The Valley of No Return: The story of the Wichita State University football team plane crash

The charred wreckage of N464M lies on a Colorado mountainside some hours after the crash. (John Putt)
The Wichita State football team involved in the accident, pictured before the crash. (The Wichita Eagle)
A Martin 4–0–4 on display in an aviation history museum. Although no pictures of it are available, the plane involved in the accident was painted white on top with a green stripe down the side and unpainted on the bottom. (Jon Proctor)
The number of parties to the arrangement made it unclear who was responsible for flight safety. (Own work)
Relative locations of Wichita, Logan, and Denver (the refueling stop). (Google)
Skipper’s new plan wasn’t really a plan at all. (Google)
Route of N464M as it climbed into the Rocky Mountains. (Google)
N464M in relation to surrounding obstacles. Note how Mount Sniktau obscures the pilots view of the danger ahead. (Google)
My sketch of the moment of first impact with the trees. (Own work)
The charred wreckage of N464M lies on the mountainside some hours after the crash. (John Putt)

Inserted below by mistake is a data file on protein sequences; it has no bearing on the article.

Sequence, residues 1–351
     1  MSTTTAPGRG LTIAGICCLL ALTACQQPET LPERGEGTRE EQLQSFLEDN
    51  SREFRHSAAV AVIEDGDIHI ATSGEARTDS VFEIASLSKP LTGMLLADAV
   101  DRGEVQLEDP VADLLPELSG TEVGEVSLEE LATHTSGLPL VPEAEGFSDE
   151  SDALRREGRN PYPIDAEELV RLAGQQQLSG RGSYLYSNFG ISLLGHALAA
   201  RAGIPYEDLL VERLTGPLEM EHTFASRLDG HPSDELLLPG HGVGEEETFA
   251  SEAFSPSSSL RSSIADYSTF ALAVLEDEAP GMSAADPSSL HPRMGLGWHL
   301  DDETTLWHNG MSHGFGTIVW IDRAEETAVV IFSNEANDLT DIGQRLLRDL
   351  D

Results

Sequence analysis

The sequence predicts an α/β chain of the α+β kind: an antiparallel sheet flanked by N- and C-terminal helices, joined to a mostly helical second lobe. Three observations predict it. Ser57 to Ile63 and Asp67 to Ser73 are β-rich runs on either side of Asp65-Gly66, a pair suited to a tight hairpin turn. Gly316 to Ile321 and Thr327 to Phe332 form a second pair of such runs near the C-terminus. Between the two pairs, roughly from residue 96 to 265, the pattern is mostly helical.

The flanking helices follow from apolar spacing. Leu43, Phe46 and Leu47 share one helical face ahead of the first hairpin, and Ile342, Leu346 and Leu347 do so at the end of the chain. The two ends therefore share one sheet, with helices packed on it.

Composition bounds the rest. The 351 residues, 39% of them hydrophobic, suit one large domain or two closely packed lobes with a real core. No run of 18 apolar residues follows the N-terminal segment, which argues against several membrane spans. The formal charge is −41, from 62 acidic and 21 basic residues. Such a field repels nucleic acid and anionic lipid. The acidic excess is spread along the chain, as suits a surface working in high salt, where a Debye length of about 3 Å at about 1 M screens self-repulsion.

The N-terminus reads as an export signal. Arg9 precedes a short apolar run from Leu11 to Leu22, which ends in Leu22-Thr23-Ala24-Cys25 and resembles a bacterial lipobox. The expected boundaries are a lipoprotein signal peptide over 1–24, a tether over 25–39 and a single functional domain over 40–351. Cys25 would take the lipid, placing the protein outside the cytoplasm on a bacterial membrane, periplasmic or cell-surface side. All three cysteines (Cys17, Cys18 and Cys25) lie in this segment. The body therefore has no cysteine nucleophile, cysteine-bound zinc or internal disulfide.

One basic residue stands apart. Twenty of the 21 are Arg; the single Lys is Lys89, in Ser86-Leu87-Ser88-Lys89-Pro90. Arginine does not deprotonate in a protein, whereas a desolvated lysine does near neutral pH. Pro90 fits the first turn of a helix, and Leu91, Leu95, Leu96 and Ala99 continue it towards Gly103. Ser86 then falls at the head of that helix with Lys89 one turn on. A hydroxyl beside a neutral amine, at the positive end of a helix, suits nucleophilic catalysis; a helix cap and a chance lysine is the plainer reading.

The wreckage was still smoldering when a group of teenage mountain rescue trainees arrived at the crash site around dusk. One of them snapped this photo (and the previous one) — among the only known photos of the wreckage on the day of the accident. (John Putt)
Members of the Evergreen mountain rescue team remove a body from the crash site the day after the accident. (Bureau of Aircraft Accidents Archives)
The aftermath of the Marshall University plane crash. (The Huntington Herald-Dispatch)
A map of where various pieces of wreckage were found along the debris trail. (NTSB)
Amid a sea of molten metal, some football gear was the only recognizable debris. (AP)
Several locals, presumably members of the mountain rescue team, lift up part of the wreckage, probably during the search for bodies. (The Clear Creek Courant)
A charred football helmet lies amid the wreckage. (The Wichita Eagle)
The crash site as it appeared in 2016, photo taken by me. Much of the wreckage is still at the site as it is difficult to reach with heavy machinery. (Own work)
People still leave small notes and mementos at the crash site to remember those who died on October 2nd, 1970. (Mountainous Words)



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Admiral Cloudberg

Admiral Cloudberg

Analyzer of plane crashes and author of upcoming book (eventually™). Contact me via @Admiral_Cloudberg on Reddit or by email at